The migration advisory committee (MAC) has stated that web designers, psychologists, occupational therapists, vets and archaeologists were among the professions that should be added to the official shortage occupation list (SOL).
The government advisers have stressed that the list of occupations eligible for the UK’s non-European skilled work visas should be expanded “as soon as possible”, with uncertainty around Brexit being a major factor.
The recommendations would mean putting about 2.5 million workers, or 9% of the total workforce, on the list, whereas the current figure was fewer than 1%. The main source of expansion would come mainly from the inclusion of more health and IT jobs.
Prof Alan Manning, the chair of the committee, said: “The labour market is very different now from the last SOL review in 2013. Unemployment is lower, vacancies higher and free movement no longer providing the ready supply of workers it once did for some employers. In addition, there is considerable uncertainty surrounding Brexit and the future immigration system. Together these factors lead to a high level of employer concern.”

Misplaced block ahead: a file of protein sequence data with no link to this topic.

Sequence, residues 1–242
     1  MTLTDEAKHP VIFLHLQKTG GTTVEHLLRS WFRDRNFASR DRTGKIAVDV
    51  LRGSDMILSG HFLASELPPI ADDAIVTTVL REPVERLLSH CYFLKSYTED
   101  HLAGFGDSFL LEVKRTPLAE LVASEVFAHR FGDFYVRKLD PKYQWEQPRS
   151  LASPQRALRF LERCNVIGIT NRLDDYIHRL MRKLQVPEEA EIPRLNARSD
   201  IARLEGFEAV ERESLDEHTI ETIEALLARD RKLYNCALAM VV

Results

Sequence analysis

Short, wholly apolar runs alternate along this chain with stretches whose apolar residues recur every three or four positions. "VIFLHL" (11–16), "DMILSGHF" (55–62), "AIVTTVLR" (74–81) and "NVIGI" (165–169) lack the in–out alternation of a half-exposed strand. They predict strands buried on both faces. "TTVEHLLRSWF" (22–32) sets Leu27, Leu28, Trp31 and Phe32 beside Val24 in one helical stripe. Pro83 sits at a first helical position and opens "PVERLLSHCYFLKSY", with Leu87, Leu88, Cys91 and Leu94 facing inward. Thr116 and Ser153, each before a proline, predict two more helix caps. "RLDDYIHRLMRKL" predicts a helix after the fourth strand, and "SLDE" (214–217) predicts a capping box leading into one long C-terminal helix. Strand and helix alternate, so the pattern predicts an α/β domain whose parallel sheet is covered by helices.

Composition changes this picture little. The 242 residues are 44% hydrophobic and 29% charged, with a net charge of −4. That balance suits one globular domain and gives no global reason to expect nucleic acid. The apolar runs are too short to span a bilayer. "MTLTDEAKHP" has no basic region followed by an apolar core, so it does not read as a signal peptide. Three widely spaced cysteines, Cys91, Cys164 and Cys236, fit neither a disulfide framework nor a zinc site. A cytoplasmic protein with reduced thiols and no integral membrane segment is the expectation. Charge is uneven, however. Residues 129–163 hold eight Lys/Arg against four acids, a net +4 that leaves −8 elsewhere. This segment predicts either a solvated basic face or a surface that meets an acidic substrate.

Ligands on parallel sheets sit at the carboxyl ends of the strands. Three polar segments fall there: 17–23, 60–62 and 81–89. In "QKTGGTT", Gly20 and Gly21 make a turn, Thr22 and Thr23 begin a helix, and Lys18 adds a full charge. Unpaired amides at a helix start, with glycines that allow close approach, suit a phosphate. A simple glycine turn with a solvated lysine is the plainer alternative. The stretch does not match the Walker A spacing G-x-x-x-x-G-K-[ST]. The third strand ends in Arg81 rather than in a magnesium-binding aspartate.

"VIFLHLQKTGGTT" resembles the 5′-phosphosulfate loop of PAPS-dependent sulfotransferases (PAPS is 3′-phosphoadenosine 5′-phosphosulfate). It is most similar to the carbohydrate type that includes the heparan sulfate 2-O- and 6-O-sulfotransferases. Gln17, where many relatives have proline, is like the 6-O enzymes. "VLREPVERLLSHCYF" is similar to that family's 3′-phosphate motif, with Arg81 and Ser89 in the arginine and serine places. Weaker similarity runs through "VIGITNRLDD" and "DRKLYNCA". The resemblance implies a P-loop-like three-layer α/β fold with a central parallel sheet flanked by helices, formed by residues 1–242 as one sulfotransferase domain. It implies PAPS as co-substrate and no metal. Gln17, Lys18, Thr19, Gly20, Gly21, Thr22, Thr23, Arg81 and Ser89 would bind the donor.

The review said Brexit uncertainty and the resulting reduction in EU migration was one of the two main factors cited by employers, the other being a higher demand.
Jane Gratton, the head of people policy at the British Chambers of Commerce, said: “Expanding the shortage occupation list will help businesses access the skills they need when they can’t recruit locally. But the ending of free movement will present significant costs and challenges for employers.”
There are currently 34 occupations with 143 job titles on the list.
Being employed in a profession on the SOL also grants exemption from the £35,000 minimum income threshold and incurs lower visa fees.
The MAC said the government had accepted its recommendations to abolish the cap on tier-two visas and the RLMT but that this was unlikely to happen until at least 2021.
The committee said some professions should even be removed from the UK list, including IT specialist managers and health professionals, buyers and procurement officers, aircraft maintenance workers, dieticians and prosthetists.
The Home Office has said they would respond to the report in due course.